WASHINGTON: The Aerospace Industries Association is routinely ranked among the top influence shops in this town. Its leader plays an important role in ensuring AIA speaks and acts with a clear and guided voice. The association’s leader for the last seven years, former FAA administrator, Marion Blakey, is leaving and the association’s large companies, who dominate the organization, are beginning the search for a new leader.
I hear that AIA will not hire a search firm but, as it usually does, is leaving it up to its members — the Lockheeds, Boeings, United Technologies and the Northrop Grummans — to find the right person. An executive committee effectively runs the association and it put one smaller company on the search group. But the big guys pretty much rule. Also, a well placed source says the association will not appoint an interim leader.
For our readers, the big question is will the civilian aerospace side win, as it did when Blakey was selected, or will the national security side of the aerospace industry prevail?
Either way,.the perfect choice to replace Marion — but one who almost certainly won’t be interested — would be former Rep. Eric Cantor, whose primary loss last year stunned the GOP. Loren Thompson and a lobbyist who must go unnamed said Cantor would be perfect because of his stature as a pragmatic former House leader who knows defense issues. But AIA is believed to pay its leader about $1 million per annum and that just isn’t enough to lure someone like Cantor, they agreed. The Washington Post reported that Cantor won’t take home that much pay in his new job in his first year — but he’s getting $1 million up front in stock on top of a reported $800,000 in pay and bonuses, and he’s opening a new DC office for his financial services firm. One assumes his bonuses will grow from the first year’s relatively paltry (by financial industry standards) $400,000.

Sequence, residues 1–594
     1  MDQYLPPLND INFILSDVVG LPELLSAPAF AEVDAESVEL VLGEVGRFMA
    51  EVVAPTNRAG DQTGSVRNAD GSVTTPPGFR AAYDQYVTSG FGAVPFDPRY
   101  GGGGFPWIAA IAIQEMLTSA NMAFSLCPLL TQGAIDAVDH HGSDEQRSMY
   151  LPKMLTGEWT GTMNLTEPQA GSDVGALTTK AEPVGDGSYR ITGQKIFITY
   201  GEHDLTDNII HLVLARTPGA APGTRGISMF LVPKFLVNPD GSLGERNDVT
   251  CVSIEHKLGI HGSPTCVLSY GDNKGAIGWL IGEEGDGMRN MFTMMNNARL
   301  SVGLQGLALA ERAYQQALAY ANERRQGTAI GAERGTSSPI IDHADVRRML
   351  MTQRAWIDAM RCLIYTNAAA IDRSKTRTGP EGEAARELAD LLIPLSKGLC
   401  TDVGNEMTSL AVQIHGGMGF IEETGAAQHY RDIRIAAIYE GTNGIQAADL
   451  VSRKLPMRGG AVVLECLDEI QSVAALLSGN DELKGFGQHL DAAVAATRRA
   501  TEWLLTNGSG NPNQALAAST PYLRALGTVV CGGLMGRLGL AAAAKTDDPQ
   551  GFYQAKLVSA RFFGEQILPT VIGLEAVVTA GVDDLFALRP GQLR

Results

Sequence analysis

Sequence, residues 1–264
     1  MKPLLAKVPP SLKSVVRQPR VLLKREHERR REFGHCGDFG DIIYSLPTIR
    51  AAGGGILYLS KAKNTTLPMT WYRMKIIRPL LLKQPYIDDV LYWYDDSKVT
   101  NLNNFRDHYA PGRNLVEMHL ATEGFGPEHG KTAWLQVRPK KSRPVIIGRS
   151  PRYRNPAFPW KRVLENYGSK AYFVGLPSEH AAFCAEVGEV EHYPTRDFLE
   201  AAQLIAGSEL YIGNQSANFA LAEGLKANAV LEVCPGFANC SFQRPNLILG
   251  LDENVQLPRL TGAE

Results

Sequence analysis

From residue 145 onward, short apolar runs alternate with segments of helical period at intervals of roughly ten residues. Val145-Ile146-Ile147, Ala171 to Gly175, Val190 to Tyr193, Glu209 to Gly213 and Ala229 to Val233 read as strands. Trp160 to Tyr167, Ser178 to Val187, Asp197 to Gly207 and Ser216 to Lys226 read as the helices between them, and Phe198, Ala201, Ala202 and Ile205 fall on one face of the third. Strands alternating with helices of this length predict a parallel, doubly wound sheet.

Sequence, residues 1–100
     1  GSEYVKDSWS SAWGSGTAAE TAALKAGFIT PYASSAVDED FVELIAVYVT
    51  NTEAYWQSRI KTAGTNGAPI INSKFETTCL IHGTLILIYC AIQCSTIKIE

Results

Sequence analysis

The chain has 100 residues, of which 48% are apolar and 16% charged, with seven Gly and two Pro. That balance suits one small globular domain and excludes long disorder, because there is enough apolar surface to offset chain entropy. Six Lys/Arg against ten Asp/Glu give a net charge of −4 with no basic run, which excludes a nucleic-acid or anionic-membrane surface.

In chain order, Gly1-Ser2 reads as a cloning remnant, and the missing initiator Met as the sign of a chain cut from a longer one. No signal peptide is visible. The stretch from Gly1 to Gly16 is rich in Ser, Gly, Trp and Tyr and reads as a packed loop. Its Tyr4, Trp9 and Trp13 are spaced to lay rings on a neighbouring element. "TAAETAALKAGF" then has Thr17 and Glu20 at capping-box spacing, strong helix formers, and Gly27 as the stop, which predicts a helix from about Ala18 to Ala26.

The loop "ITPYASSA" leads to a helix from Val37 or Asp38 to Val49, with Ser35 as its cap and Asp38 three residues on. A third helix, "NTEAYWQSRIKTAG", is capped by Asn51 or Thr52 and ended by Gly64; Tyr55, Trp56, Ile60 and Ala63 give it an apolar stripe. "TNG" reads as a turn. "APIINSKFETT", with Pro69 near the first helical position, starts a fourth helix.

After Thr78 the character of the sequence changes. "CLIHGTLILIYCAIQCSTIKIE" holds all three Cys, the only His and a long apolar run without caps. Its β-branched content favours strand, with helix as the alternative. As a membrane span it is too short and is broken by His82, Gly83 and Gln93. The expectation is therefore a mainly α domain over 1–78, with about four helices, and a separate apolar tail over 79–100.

“I just don’t think there’s any way he would do it, nor could they afford it,” the lobbyist opined.
One of the big questions facing the next leader of AIA is whether to forge ahead as a traditional — if enormous — association or greatly beef up its Political Action Committee and go the way that the Heritage Foundation has gone with its Heritage Action for America to actively influence specific lawmakers to do specific things. By law, of course, associations aren’t allowed to “lobby;” they may only “educate.” When you create an organization such as the new Heritage group you can pump money to those you like, monitor the votes of senators and House members and give them ratings according to how much they do what you want them to do.
“The association has to decide, do they want to be more political?” the lobbyist said. The big companies, who all boast substantial and active lobby shops, may worry that their diverse interests will be difficult to reconcile should they create a lobby shop. AIA has historically been most effective when it engages with the Hill on issues of broad policy that unite its disparate members, such as arms export or acquisition reforms. But the trend among think tanks and some associations does seem to be toward more active direct lobbying.
For some perspective, The Hill ranked United Technologies ($5.8 million), Boeing ($3.76 million), Northrop Grumman ($3.54 million) and Lockheed Martin ($3.37 million) and General Electric ($3.36 million) among the top 25 organizations lobbying the federal government for 2014. They are all AIA members.Will they be comfortable juggling another actor on that front? Will they judge they can find enough common ground with competitors to make the leverage of an AIA lobby shop worth it?
We at Breaking Defense will miss Marion, who forged a close partnership with a fledgling publication at its beginning. As a member of our Board of Contributors, she regularly wrote op-eds for our readers about the pressing issues facing its members.